What to do in Case of an Emergency
When emergencies happen, you can do a lot before professional help is available. First take a deep breath, think and observe, then remember:
- A – AIRWAY – Is your pet breathing? If not you can start mouth to nose resuscitation.
- B – BREATHING – If you think something is in the throat or mouth – DO NOT REACH FOR IT – you could get bitten – use an animal adopted Heimlich maneuver.
- C – CARDIAC – Is the heart beating? Place your ear or hand on the chest, if there is no heartbeat use chest compressions similar to C.P.R. only using the side of the chest.
If there is bleeding, apply direct pressure or a compression bandage over the injured/bleeding site. If this does not stop the bleeding, a tourniquet can be applied but extreme care must be taken to apply it above the site of bleeding, and it must not be left on for more than 10 minutes. If there is a damaged limb, particularly if a fracture is suspected, try to apply a modified splint using a rolled newspaper or magazine.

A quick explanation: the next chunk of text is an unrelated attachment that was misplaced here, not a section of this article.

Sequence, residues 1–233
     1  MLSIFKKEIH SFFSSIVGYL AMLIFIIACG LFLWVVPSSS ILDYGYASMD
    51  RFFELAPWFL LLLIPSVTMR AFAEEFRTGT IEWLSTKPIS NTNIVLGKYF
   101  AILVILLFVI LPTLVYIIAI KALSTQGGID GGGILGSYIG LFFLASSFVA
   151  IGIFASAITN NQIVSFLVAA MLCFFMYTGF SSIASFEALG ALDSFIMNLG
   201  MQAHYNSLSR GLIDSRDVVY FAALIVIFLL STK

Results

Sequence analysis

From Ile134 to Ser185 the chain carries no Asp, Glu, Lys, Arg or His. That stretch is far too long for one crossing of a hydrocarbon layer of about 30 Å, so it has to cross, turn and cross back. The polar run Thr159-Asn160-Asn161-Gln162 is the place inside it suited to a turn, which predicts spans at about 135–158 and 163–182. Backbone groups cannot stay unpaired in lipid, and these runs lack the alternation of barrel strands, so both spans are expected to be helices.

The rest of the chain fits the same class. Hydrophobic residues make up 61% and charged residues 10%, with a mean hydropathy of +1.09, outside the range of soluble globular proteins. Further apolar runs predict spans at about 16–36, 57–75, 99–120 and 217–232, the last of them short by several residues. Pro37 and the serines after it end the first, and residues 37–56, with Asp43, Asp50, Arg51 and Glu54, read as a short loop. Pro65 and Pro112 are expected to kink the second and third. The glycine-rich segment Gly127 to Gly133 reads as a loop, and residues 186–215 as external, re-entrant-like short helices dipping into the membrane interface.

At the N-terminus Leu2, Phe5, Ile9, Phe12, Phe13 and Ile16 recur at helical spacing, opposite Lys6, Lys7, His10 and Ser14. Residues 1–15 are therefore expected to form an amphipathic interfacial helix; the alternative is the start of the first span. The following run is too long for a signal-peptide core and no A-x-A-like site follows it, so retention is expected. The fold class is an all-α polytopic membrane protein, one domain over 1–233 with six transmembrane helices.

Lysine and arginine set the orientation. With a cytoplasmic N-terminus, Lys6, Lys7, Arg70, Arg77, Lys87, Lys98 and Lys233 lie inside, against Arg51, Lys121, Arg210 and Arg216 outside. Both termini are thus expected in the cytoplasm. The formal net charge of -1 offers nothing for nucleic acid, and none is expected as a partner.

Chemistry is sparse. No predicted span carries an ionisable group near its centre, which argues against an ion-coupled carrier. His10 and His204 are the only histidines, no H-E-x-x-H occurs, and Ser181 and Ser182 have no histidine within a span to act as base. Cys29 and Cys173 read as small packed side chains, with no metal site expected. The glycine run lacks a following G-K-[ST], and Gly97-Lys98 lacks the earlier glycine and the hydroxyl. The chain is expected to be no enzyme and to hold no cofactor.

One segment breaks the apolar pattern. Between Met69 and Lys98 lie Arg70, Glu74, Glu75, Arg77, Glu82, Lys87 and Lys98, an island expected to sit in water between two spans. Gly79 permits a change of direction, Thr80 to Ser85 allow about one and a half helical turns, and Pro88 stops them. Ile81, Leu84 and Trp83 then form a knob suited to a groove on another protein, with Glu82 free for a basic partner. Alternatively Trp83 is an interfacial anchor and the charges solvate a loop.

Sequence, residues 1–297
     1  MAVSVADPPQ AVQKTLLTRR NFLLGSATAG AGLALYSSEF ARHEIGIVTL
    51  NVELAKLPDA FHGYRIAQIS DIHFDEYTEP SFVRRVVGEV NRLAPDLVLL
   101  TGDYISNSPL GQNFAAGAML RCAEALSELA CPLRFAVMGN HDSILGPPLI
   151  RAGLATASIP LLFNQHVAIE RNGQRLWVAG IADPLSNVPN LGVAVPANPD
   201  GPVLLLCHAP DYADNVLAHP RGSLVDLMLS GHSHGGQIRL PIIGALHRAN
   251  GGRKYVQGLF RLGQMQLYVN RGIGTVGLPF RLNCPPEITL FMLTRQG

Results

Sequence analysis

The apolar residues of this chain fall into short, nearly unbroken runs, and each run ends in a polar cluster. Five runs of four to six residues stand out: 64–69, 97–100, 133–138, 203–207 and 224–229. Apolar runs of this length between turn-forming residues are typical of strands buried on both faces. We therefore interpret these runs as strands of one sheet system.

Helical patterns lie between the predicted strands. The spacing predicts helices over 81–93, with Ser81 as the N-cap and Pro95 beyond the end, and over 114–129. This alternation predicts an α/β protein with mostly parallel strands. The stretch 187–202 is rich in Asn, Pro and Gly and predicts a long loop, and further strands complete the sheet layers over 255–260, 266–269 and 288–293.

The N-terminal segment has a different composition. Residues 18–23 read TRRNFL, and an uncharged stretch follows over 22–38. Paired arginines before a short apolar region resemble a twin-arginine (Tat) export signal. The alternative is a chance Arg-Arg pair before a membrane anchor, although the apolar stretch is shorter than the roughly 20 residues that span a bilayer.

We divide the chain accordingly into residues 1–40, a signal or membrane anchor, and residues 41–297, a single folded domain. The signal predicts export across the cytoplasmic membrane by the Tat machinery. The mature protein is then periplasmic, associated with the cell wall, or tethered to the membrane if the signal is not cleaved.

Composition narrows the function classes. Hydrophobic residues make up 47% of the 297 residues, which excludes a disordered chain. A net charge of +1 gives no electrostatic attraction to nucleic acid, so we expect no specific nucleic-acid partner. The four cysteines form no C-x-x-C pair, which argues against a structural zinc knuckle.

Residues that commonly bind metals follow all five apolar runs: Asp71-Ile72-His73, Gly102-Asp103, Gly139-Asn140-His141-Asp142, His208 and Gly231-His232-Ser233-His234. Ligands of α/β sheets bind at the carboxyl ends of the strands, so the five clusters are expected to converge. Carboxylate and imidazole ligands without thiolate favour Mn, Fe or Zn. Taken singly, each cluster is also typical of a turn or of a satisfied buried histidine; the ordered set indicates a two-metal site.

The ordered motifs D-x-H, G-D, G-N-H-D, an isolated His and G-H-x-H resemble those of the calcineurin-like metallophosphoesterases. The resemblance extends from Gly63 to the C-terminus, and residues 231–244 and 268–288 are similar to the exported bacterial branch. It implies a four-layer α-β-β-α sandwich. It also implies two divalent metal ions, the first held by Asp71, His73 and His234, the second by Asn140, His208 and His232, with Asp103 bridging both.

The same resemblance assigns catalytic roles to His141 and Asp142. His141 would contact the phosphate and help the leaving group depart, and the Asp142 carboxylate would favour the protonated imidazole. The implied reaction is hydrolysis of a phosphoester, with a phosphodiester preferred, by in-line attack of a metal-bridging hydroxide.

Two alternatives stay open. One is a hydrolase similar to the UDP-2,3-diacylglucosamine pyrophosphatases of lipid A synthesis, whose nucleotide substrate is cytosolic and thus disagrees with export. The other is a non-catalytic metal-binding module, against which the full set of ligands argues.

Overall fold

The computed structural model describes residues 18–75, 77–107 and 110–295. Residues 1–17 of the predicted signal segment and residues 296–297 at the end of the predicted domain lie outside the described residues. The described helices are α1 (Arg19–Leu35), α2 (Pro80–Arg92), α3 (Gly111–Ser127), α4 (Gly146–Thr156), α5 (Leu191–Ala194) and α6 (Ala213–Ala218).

Transporting an injured animal can be done safely by laying it on a flat surface, such as a large piece of cloth or wood, with its head elevated throughout the transport. Relieving excess stimuli that can aggravate the stress of the trauma can be done by covering the animal’s head with a light cloth, but make sure the cloth does not hamper the animal’s ability to breath.
Always have pet emergency numbers posted near the telephone and use them for advice to help your pet. Most large cities have animal hospitals with emergency centres specifically prepared to provide critical care. In our area, we have three:
Mississauga Oakville Veterinary Emergency Hospital
2285 Bristol Circle
Oakville, Ontario, L0H 6P8
Veterinary Emergency Hospital of West Toronto
150 Norseman Street
Toronto, Ontario, M8Z 2R4
Toronto Veterinary Emergency Clinic
920 Yonge Street
Toronto, Ontario, M4W 3C7